R. Noyce gave an illustrated lecture ‘The Continuing Journey’ which looks back at the development of his work as a researcher and writer over 50 years, pulling together some of the threads and influences on his work, and showing how an explorative approach has been of value in the development of his thinking.

Participative Workshop on Written Communication for Artists and Designers took time where some preparatory work from the participants before the workshop was require, from which critique and discussion could emerge. In an age in which the mediums of communication evolve into the electronic media it remains important that artists and designers develop their skills in both reading and writing in the conventional sense. The aim was to enhance the confidence of the participants to use clear and concise written and spoken English that avoids the use of intellectual jargon, and in ways that are aimed at clear communication of their ideas and aims, being of benefit in writing grant and employment applications, letters to galleries, and texts for catalogues.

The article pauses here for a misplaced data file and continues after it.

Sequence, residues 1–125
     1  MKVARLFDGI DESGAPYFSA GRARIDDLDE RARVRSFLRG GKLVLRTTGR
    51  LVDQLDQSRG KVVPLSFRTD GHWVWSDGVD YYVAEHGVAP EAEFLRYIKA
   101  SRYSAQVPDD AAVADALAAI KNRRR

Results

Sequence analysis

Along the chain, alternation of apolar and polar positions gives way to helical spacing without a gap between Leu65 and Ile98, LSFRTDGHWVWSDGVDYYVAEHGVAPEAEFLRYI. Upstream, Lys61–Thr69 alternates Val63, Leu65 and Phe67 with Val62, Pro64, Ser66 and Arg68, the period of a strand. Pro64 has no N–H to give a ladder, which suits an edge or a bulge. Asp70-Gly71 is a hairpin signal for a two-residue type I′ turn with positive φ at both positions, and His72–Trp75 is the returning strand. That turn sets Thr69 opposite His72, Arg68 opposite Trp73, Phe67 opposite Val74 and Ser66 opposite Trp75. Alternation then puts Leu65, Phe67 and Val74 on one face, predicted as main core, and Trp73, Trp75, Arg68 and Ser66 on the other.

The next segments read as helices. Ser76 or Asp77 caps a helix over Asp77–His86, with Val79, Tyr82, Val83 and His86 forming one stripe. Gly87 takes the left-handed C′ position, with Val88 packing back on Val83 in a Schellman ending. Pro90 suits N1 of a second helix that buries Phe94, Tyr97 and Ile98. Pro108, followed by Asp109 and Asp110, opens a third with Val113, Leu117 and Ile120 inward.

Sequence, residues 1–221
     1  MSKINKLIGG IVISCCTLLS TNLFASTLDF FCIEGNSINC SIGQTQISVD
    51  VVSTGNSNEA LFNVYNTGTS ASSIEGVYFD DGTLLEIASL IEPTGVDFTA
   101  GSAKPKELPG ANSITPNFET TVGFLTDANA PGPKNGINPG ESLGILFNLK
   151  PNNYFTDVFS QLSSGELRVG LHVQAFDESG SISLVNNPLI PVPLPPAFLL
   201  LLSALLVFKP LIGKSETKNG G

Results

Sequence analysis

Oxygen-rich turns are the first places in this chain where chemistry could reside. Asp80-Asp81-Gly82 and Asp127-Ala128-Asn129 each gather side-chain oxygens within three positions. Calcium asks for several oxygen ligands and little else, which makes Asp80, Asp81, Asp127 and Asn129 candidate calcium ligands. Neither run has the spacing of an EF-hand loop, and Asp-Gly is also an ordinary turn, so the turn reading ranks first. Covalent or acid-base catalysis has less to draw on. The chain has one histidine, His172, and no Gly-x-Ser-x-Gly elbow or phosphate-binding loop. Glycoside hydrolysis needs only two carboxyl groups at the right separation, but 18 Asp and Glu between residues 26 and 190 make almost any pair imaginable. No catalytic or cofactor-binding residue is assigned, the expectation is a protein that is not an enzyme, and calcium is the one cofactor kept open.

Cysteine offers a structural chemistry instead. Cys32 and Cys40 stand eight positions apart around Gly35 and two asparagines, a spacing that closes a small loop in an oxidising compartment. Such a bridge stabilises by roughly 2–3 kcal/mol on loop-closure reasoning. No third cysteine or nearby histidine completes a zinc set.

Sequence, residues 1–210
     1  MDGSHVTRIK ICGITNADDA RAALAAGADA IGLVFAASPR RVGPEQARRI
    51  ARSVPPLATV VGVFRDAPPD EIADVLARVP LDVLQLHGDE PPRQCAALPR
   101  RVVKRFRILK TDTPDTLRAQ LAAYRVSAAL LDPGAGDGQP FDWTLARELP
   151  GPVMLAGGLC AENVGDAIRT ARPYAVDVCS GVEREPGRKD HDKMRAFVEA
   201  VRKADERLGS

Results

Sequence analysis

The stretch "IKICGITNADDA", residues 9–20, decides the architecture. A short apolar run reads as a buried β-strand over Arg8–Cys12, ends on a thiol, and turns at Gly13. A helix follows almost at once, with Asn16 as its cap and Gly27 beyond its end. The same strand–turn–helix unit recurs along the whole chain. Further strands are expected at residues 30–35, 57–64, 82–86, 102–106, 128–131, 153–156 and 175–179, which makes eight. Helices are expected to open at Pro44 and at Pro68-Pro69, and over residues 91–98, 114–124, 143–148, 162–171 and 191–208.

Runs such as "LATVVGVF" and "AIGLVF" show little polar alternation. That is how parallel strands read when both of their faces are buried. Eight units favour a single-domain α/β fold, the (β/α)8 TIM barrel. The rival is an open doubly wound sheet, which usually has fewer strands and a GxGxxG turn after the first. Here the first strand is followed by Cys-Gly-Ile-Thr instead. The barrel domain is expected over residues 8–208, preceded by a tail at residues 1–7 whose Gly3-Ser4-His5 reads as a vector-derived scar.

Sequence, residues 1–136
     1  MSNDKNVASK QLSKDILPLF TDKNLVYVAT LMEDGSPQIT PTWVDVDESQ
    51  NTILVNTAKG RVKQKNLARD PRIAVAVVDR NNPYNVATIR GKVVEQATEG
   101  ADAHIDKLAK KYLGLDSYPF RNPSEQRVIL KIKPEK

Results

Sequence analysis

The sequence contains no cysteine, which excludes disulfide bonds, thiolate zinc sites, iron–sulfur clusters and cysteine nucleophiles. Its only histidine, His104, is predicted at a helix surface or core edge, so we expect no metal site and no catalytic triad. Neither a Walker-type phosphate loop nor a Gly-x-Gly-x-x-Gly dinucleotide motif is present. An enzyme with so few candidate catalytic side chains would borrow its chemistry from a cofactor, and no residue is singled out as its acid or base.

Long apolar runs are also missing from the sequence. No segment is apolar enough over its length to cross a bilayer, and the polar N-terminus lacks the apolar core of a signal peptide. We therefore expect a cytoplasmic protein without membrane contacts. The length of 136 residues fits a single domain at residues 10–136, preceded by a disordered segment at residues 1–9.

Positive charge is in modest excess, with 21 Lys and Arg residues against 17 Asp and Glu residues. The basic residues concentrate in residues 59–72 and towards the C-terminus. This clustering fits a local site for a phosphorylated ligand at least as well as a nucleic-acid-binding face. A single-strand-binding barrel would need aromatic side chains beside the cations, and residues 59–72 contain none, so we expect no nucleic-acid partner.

Lecture ‘The Mirror and the Crystal Ball’ was a tentative look at the condition of the contemporary arts today, and some of the ways in which they might develop in this century. It was a largely speculative review, incorporating a wide range of ideas from within and from outside the visual arts. All lectures looked back and forward, demonstrating how ideas develop and how past experience can trigger imaginative leaps into considering the future.